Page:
Everyone is familiar with the oppressive feeling of loneliness. It feels as if the world is empty, as if the billions of souls around you have forgotten you, and that you don’t really matter at all. For some it may be a fleeting emotion, while for others it might last for years. Either way, most would quickly agree that is not something to be sought out, and should be avoided at all costs. Or should it?
A recent study by the BBC, simply titled The Loneliness Experiment went about taking a deeper look into this primal human emotion. Some of the findings were to be expected, while others flew in the face of everything that was assumed. Either way, it made many take a closer look at themselves, and what they thought they knew about their sense of being alone.
Young And Lonely
The first aspect of the study that drew looks of disbelief was related to age groups. A common perception is that loneliness is most prevalent in senior citizens. This, of course is based around the cliché of a sad old man or woman sitting in a retirement home. Statistics show that over 75s do indeed feel alone, to the statistical number of around 27%. A high percentage, right?
Think again. The percentage of those that reported feeling sad and alone in the 16 – 24 age bracket was strikingly higher, by as much as 40%. This may, upon giving it some thought, simply seem like the younger generation is more prone to stating they are felt alone, or that perhaps seniors felt obliged to state their independence. But, when asked participants of any age when they had felt the most lonely, they still specifically mentioned the 16-24 age bracket.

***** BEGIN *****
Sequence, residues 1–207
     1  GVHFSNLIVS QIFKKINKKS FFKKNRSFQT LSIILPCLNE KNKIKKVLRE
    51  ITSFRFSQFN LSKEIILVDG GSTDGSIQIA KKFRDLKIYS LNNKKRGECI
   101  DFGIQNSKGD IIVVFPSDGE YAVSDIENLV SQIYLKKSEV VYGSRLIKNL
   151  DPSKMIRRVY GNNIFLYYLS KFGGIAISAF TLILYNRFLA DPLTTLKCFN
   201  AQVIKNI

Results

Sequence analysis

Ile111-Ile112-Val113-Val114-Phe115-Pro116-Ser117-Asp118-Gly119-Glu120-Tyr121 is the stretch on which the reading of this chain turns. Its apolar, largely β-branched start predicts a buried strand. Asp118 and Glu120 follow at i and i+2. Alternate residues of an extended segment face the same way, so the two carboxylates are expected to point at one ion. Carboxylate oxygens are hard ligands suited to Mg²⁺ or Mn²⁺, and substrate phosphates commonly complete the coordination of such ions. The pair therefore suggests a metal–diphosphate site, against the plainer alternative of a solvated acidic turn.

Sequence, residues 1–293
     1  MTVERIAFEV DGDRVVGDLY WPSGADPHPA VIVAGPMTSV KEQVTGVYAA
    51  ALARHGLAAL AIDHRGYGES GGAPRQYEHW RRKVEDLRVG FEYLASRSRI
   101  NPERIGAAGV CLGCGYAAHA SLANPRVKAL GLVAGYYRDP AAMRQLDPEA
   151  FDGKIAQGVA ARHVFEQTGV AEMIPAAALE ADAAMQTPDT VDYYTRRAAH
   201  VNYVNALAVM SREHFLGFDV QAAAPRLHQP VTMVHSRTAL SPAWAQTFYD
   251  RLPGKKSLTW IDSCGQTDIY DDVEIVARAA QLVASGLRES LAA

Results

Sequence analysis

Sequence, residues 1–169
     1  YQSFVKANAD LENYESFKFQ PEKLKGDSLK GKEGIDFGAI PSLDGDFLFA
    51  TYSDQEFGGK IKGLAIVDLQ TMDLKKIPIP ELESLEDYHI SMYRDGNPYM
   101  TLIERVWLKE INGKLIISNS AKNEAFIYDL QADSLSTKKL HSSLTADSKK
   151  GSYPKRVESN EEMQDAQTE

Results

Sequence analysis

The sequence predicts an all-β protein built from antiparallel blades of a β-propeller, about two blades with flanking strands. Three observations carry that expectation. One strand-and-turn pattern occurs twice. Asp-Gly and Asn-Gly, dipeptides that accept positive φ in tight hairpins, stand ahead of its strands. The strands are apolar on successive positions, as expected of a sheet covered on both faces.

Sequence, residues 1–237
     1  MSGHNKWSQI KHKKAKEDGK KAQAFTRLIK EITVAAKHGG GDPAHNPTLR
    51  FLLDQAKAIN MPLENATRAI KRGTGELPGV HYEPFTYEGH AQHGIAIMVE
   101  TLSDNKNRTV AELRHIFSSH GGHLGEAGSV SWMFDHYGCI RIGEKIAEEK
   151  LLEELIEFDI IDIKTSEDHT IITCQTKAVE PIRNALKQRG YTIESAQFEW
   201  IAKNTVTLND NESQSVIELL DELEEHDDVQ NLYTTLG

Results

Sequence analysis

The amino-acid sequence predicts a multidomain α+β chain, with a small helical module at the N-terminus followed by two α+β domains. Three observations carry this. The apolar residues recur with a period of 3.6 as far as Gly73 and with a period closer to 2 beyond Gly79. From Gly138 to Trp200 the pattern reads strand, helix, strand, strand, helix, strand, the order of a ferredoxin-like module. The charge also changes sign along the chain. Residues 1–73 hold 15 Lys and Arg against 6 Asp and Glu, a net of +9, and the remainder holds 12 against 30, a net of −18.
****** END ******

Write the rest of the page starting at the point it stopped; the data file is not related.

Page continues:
It’s Good For You
Another surprising result of the study was the percentage that agreed feeling lonely could be good for you. Not only did it offer an opportunity for self-discovery, but allowed a chance to reflect on existing relationships, and find new appreciation for them. It also gave people a chance to do whatever their hearts desired, whether it was reading a book, going for a walk or scouring the web for a rewarding casino bonus. With no one else to interact with, time spent alone was time that could be used for whatever indulgence a person preferred, with no interruptions and no judgements.
41% asked said they felt being alone could be beneficial, and provide a positive effect on emotional stability. Depending, of course, on how it was handled.
Social Skill Balance
A further fact the study revealed was that, perhaps predictably, those who felt the most alone didn’t have social skills any less than those who were contentiously social. There was no discernable difference in social skills at all, except the frequency with which those skills were used. Upon being social, those who spent more time alone quickly adapted, and got along with strangers.
Alone Time Develops Empathy
The revelation perhaps most talked about found that spending time away from others helped develop a deeper feeling of empathy. The study looked at empathy felt for both physical and emotional pain, giving up astonishing results. Although empathy for physical pain was equal across the board, those who felt loneliness scored higher in feelings of emotional and social empathy. Very simply, those who had experienced the pain themselves were much quicker to relate to it in others.
In conclusion, the two most revealing results of the BBC study were the unusual age bracket discoveries, as well as the fact that feelings of solitude had greatly beneficial results. As a whole, it seemed not only that time alone should be sought out from time to time, but also that it was all but essential in being a well rounded individual on an emotional level. These results offer a new perspective on an emotion that has played a part in virtually everyone’s life, and may make us think twice about what being alone really means.